When you first think of a rugged warehouse PDA, Datalogic wouldn’t be the first thing I would have thought of, so when a Datalogic Skorpio landed in the office I was intrigued to find out more. Motorola, Honeywell and Intermec have all placed themselves firmly as the market leaders in the warehouse, so to hear of a device from a smaller manufacturer placing themselves in a niche within the market, I wanted to hear more. The Skorpio is designed to work within a retail or stock room situation, and it is made to be smaller and lighter than its competitors. I wanted to find out if it was good enough to stand up against such strong competition.


The Datalogic Skorpio much cheaper compared to another product such as the Motorola MC9090-G or the Honeywell 9900, but there’s not as much choice in options and configurations available. The Datalogic seems much more reasonably priced compared to its major rivals. Rationale Datalogic have designed the Skorpio to be used on the shop floor. It’s suppose to provide the technology needed within this environment without weighing the user down on a long shift, and it succeeds! It comes in, including battery, at 360g, managing to be almost half the weight of the Motorola MC9090-g and 300g less than the Honeywell 9950.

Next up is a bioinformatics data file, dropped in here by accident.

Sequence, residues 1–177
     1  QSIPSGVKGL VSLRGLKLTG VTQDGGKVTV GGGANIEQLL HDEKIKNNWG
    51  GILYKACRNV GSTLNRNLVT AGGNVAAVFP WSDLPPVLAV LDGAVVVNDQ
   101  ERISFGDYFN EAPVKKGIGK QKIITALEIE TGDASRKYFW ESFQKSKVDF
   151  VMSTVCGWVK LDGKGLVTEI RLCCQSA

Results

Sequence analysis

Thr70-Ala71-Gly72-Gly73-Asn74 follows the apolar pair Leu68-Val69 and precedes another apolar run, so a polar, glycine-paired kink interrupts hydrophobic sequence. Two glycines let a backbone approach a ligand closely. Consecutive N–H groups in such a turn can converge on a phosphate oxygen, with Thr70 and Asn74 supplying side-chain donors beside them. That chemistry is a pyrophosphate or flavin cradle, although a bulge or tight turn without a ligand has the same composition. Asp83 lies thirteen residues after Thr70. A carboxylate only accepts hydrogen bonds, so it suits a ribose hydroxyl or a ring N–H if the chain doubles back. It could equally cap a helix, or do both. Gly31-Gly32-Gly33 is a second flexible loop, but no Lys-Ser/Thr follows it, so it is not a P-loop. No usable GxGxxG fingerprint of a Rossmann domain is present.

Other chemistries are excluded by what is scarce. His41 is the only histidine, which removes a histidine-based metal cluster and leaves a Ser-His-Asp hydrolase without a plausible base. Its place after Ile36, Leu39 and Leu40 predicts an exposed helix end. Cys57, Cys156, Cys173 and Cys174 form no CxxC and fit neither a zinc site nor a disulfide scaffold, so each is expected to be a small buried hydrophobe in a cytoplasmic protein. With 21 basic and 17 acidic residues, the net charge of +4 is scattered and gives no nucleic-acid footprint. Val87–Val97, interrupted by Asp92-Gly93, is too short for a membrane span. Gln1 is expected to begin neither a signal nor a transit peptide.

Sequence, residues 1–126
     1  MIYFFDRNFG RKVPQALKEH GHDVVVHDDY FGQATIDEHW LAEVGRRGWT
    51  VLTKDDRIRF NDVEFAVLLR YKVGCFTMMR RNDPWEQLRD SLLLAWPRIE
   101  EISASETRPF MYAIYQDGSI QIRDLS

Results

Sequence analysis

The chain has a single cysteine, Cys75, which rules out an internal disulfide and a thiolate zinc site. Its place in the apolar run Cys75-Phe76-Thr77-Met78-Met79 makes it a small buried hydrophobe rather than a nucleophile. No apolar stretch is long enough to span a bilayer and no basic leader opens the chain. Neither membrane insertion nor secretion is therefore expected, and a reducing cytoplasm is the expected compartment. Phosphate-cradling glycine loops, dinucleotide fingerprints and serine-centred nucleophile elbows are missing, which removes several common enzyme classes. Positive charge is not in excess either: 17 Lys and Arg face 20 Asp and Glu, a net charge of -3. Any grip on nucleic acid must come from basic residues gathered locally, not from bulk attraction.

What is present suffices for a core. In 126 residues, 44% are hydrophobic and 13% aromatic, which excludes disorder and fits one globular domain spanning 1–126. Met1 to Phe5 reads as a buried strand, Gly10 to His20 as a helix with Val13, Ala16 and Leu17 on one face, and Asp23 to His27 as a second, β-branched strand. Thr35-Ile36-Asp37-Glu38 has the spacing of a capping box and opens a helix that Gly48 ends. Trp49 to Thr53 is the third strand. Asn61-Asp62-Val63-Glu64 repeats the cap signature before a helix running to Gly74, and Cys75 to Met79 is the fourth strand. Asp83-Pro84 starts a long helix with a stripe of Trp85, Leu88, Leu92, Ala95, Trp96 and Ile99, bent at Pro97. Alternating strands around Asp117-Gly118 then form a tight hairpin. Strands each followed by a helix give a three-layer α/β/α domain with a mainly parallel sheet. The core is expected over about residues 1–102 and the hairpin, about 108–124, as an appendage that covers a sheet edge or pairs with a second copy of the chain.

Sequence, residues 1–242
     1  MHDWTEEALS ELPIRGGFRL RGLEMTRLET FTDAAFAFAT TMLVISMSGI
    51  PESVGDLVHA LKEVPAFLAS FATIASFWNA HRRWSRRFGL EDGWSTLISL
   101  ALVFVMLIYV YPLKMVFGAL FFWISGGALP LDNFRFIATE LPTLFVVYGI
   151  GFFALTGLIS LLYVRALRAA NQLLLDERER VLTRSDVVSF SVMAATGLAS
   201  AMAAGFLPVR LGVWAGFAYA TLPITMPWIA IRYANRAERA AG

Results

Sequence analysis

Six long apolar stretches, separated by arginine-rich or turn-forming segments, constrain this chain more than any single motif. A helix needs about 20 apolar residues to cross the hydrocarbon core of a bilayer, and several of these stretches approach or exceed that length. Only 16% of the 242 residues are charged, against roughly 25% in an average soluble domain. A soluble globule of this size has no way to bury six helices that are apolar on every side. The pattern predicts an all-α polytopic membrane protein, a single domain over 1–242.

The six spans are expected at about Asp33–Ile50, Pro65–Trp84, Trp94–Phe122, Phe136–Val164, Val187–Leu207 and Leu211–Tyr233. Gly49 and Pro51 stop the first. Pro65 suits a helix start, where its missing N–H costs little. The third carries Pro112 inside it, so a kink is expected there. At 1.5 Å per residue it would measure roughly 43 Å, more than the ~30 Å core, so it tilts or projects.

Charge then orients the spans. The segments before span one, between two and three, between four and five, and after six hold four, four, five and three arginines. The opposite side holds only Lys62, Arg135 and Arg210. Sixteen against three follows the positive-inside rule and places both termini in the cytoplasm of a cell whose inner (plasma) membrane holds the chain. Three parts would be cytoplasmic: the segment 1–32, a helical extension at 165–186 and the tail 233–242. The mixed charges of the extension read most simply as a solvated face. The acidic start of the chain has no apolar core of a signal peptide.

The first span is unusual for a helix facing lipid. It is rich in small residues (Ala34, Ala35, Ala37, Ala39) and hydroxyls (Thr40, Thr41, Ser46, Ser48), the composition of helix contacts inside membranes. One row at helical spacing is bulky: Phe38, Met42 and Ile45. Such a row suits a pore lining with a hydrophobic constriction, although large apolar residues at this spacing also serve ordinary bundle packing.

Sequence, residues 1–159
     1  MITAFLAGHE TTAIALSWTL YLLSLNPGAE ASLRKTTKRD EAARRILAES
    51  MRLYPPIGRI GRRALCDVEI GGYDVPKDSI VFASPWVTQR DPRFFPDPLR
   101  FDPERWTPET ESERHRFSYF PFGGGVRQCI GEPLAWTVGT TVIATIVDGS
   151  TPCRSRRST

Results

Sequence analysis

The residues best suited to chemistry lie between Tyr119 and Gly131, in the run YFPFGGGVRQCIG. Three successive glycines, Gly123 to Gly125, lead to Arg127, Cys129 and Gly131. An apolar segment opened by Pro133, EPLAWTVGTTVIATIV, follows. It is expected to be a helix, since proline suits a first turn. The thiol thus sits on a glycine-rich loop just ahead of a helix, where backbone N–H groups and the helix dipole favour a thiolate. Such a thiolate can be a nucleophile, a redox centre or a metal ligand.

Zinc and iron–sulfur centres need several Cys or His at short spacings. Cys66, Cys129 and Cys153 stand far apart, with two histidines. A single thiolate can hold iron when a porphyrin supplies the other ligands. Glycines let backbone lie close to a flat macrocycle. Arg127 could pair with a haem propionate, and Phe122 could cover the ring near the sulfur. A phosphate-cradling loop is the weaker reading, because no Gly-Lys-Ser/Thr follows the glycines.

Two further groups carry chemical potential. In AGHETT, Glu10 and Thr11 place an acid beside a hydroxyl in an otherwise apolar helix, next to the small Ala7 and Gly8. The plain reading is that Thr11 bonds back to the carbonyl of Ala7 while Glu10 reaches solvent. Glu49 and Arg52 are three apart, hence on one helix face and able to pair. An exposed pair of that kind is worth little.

Even though there are less than half the options available compared to the Motorola MC9090 and Honeywell 9900, the most basic comes with the specification you need to work on the shop floor. It comes with either Windows CE 5.0 or WM 6.1, WiFi, Bluetooth option, and a laser 1D scan engine, with Datalogic’s built-in green dot to ensure accurate, more efficient scanning. It doesn’t come with the choice of options that are usually available to you when you look at another major manufacturer, however, it does pack a punch, and besides, what more would you want?


The Datalogic Skorpio range really scores points on the amount of accessories that are available. There is everything you need from cables to vehicle cradles. This is great when you need to use the device in different envoironments and need another bit of kit to help you out, the options are there.